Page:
New South Wales - Olympic Park

Olympic Park, Sydney

The correct approach to the complex is Holker Street east from Silverwater Road (Highway A6).

The Forest of Poles, located by the archery ground on Bennelong Parkway, represents the crowds that attended the Olympics in 2000.

The Tennis Centre is at the southeastern end of Olympic Blvd. The Sports Centre, which hosted table tennis and taekwondo, is on the southwest corner of Olympic Boulevard at Sarah Durack Avenue, currently known as "Quaycentre".

Field hockey was played at this outdoor venue behind the Sports Centre. Ice hockey was played just behind that. Wait, that's not right. These were both fields.

There was a dedicated warm-up arena - in fact, multiple warm-up facilities at the southwest corner of Olympic Park. This photo is for the indoor warm-up area on the west side.

The Olympic Park Athletic Centre is on the southeast corner of Edwin Flack and Dawn Fraser Avenues, hosting the track and field events.

"The Sprinter," by Dominique Sutton, was one of three sculptures erected atop the Sydney Tower for the Olympics, but it's the only one that was taken back to Olympic Park thereafter for display. The others were a gymnast and Paralympic basketball player. In this author's opinion, the three should have been brought here together.

Let's take a break before we get into the main buildings. The Olympic Showgrounds at the east end of the park were built in 1997 and have hosted numerous non-Olympic events before and since 2000. The Howie Complex, seen in front of the tall lighting towers of the Sydney Showground, is for dog shows, while the domed Wynne Pavilion is for cat shows.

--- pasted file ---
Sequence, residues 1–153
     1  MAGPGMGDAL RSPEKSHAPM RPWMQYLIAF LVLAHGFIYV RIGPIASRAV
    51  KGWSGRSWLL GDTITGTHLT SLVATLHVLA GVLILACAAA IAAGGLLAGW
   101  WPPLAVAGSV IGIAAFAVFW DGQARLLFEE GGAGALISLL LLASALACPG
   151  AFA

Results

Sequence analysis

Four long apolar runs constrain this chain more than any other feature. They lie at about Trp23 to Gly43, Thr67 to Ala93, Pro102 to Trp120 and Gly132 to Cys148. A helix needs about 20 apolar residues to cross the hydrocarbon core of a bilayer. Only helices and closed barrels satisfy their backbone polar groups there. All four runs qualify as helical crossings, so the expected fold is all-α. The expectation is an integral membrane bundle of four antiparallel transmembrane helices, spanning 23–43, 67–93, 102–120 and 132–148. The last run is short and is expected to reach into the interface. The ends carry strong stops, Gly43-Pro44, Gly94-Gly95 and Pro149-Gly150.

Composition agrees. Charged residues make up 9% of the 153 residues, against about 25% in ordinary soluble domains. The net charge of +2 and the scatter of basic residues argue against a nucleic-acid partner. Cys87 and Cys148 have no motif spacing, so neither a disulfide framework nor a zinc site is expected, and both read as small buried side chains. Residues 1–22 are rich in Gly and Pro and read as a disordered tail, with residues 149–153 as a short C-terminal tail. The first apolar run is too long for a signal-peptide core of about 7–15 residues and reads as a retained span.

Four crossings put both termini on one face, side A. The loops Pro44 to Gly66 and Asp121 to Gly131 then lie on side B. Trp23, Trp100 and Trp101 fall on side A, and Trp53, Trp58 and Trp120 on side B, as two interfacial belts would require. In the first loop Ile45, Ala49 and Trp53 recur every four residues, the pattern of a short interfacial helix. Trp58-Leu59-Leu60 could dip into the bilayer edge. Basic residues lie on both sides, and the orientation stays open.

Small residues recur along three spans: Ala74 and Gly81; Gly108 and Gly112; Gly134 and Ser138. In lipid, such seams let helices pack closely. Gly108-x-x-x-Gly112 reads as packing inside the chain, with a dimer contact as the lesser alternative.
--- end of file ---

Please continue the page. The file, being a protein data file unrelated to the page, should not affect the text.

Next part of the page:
The jacaranda-fronted Olympic Park Railway Station is not a venue, but instrumental in getting people to and from them.

Two more non-Olympic venues. For horticultural exhibitions there's the Southee Complex, which has since been renovated as Southee Pavilion, on the corner of Showground Rd. and Grand Parade. Charles Moses Stadium to its east is for wood chopping competitions, which is apparently a big thing in Australia. Behind them, you can see The Dome and a few of its exhibition halls, respectively.

Since we're on the subject of The Dome, let's show The Dome and its exhibition halls. The Dome itself housed handball and preliminary basketball competitions, while the various halls were pavilions for badminton, rhythmic gymnastics, volleyball, and the shooting and fencing components of pentathlon. In other words, all the sports you'll watch on TV but not pay to see live.

Palm trees line Showground Road to the west of The Dome.

The Sydney Showground is across Grand Parade to the north of the Olympic Showgrounds. Confusing? "The Showground" was the baseball stadium for the Olympics and now hosts Australian football and cricket. "Showgrounds" are for farm exhibits. Photos head east along Grand Parade.

While we're on the subject of Australian football, it is also played here at Stadium Australia, which hosted the marquee track and field events as well as football (the soccer variety) during the Olympics. It now triples as a rugby and concert venue.

The previous 5 photos were along Edwin Frack Avenue west of the stadium. These views are looking south along Olympic Boulevard from its north end, looking west from the end of Murray Rose Avenue (south side of stadium), and looking west along Grand Parade (north side).

What else can you see looking south along Olympic Boulevard? Before you get to Stadium Australia, the Sydney Super Dome is on the corner with Edwin Frack and Kevin Coombs Avenues. The collection of overly tall lights is known as Olympic Plaza. All solar powered, each light features the name and year of a different Olympics at its base.

Two more views of the Super Dome from that area.

Various views of the Super Dome from Edwin Frack Avenue around the west and north sides.

I saved the most iconic photo for the end: the Olympic Cauldron.

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